Most stocks have enjoyed a nice start to 2019. Dollarama (TSX:DOL) is no exception. You might remember the dollar store giant posting disappointing earnings back in September, which sent shares reeling. By the time 2018 ended, Dollarama shares had shed some 40% of their value versus the highs, falling from approximately $50 each all the way down to $30. Momentum completely reversed itself in 2019, with shares relentlessly chugging higher. The stock recently surpassed $40 per share, which gives it a gain of 26% thus far in 2019. This puts investors in a difficult position. Some might be tempted to…
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Most stocks have enjoyed a nice start to 2019. Dollarama (TSX:DOL) is no exception.
You might remember the dollar store giant posting disappointing earnings back in September, which sent shares reeling. By the time 2018 ended, Dollarama shares had shed some 40% of their value versus the highs, falling from approximately $50 each all the way down to $30.
Momentum completely reversed itself in 2019, with shares relentlessly chugging higher. The stock recently surpassed $40 per share, which gives it a gain of 26% thus far in 2019.
This puts investors in a difficult position. Some might be tempted to sell and take their attractive profits. Others might be looking to buy in for the first time to ride the momentum.
What should you do? Here’s what I recommend.
A terrific long-term buy
One of the things billionaire investor Warren Buffett has encouraged investors to do is ignore the share price and look at a company’s underlying fundamentals. A quick look at Dollarama’s numbers shows us a company still growing at a nice clip that is posting consistently good results.
Let’s look at the company’s most recent quarterly earnings for confirmation. Dollarama recently issued its fourth-quarter results, and the first thing investors should notice is sales increased 13% to $1.06 billion. The top-line growth was fueled by new stores opening and better sales at existing stores. Same-store sales, an important metric in retail, increased 2.6% in the quarter.
Most retailers have “loss-leader” sales every week, which drive the majority of revenue. How often have you gone to the grocery store and only picked up sale items? Dollarama doesn’t have weekly sales and it doesn’t mess around with steep discounts. Every item in the store gets a 40% gross margin. This helped the company generate 25.8 EBITDA margins in its most recent quarter. Compare that to Empire Company, Canada’s second-largest grocer, which only generated a 24.2% gross margin in its most recent quarter.
You’d think after opening approximately 1,200 stores already that Dollarama would be slowing down its expansion plan. But store openings actually increased in the most recent quarter, with 33 new locations opening their doors for the first time. That compares to 25 new stores in the same quarter last year.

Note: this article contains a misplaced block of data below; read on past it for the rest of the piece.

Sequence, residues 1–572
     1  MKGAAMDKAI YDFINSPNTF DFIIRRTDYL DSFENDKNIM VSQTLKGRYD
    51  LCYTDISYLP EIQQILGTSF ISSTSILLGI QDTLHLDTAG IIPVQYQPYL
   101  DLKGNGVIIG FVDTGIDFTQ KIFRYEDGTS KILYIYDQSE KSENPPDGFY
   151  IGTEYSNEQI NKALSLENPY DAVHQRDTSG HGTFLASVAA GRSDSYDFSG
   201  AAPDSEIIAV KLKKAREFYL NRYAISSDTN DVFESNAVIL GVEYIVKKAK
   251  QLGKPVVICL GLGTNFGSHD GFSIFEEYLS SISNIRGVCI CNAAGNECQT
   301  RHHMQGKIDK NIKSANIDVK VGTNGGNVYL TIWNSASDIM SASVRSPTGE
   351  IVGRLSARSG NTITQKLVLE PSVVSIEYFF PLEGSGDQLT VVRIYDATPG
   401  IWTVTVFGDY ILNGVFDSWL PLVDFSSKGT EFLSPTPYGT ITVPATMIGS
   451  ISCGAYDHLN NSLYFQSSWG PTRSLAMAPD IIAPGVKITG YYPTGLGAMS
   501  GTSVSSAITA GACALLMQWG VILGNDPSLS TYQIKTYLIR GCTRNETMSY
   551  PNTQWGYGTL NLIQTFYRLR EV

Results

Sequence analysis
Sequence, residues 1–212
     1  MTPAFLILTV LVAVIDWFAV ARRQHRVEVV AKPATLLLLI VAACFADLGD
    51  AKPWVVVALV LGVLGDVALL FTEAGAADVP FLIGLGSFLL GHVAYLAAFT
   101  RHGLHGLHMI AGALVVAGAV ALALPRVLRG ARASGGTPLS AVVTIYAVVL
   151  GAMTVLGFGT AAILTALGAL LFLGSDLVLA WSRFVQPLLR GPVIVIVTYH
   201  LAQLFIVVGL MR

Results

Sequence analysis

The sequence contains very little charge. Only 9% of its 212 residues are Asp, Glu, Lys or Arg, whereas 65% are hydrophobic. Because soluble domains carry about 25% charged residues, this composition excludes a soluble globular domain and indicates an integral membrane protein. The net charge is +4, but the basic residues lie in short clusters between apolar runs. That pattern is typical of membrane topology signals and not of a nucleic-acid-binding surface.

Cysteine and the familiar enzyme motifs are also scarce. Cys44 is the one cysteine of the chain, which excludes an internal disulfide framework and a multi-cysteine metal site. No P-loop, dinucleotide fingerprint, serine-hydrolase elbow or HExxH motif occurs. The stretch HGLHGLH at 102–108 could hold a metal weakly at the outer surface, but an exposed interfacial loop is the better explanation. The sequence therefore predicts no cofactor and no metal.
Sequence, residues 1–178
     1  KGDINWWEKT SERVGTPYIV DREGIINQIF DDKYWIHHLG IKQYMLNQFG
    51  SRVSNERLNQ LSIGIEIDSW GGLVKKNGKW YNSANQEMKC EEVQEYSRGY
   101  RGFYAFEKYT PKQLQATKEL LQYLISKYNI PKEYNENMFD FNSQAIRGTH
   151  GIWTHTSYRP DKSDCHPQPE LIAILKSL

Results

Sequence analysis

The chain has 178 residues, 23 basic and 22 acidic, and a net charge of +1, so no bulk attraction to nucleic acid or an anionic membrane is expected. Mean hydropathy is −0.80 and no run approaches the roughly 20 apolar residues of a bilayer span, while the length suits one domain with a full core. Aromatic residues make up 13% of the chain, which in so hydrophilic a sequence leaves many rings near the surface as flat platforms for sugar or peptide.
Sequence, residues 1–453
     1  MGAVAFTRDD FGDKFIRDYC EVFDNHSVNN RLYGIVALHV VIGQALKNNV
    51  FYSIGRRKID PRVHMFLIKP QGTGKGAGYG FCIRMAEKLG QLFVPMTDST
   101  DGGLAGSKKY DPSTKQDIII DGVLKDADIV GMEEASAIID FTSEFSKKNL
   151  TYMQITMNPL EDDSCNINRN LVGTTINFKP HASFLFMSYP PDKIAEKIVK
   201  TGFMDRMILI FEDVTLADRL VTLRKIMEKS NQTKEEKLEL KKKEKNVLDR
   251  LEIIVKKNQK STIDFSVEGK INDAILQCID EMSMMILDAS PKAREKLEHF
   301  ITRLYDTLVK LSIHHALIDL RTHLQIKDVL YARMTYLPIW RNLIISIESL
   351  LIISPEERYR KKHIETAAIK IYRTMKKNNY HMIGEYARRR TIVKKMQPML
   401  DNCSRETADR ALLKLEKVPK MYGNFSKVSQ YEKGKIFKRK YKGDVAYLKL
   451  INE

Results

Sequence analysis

And to top it all off, investors are getting these results for a relative bargain. Analysts predict the company will earn $1.83 per share this fiscal year, putting shares at 22.4 times earnings. Sure, that’s not the terrific deal investors were getting at the beginning of 2019, but it’s still a reasonable price for a company growing at such a fast pace.
Some investors worry Dollarama’s best days of growth are behind it. But I still see potential for the company to get bigger.
The most attractive growth opportunity available to Dollarama is the potential acquisition of Dollar City, a Central American dollar store chain with some 150 locations in Colombia, El Salvador, and Honduras. Dollarama has a call option to acquire 50% of the chain in 2020, which it will undoubtedly exercise. And it’s intimately familiar with Dollar City’s operations, since it has been helping the smaller chain with its supply chain for years now.
And as I outlined in a previous article, Dollarama still has oodles of potential here at home, including expanding into smaller communities. Before you scoff at the chain moving into towns with just a couple thousand people, note that the U.S. dollar store operators have had great success using a similar strategy.
The bottom line
Don’t be discouraged by a 26% move higher if you’re looking to buy Dollarama shares for the first time. This excellent business still has plenty of growth potential left, and shares trade at a pretty reasonable valuation today. There’s really no bad time to buy such a business.
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Fool contributor Nelson Smith has no position in any of the stocks mentioned.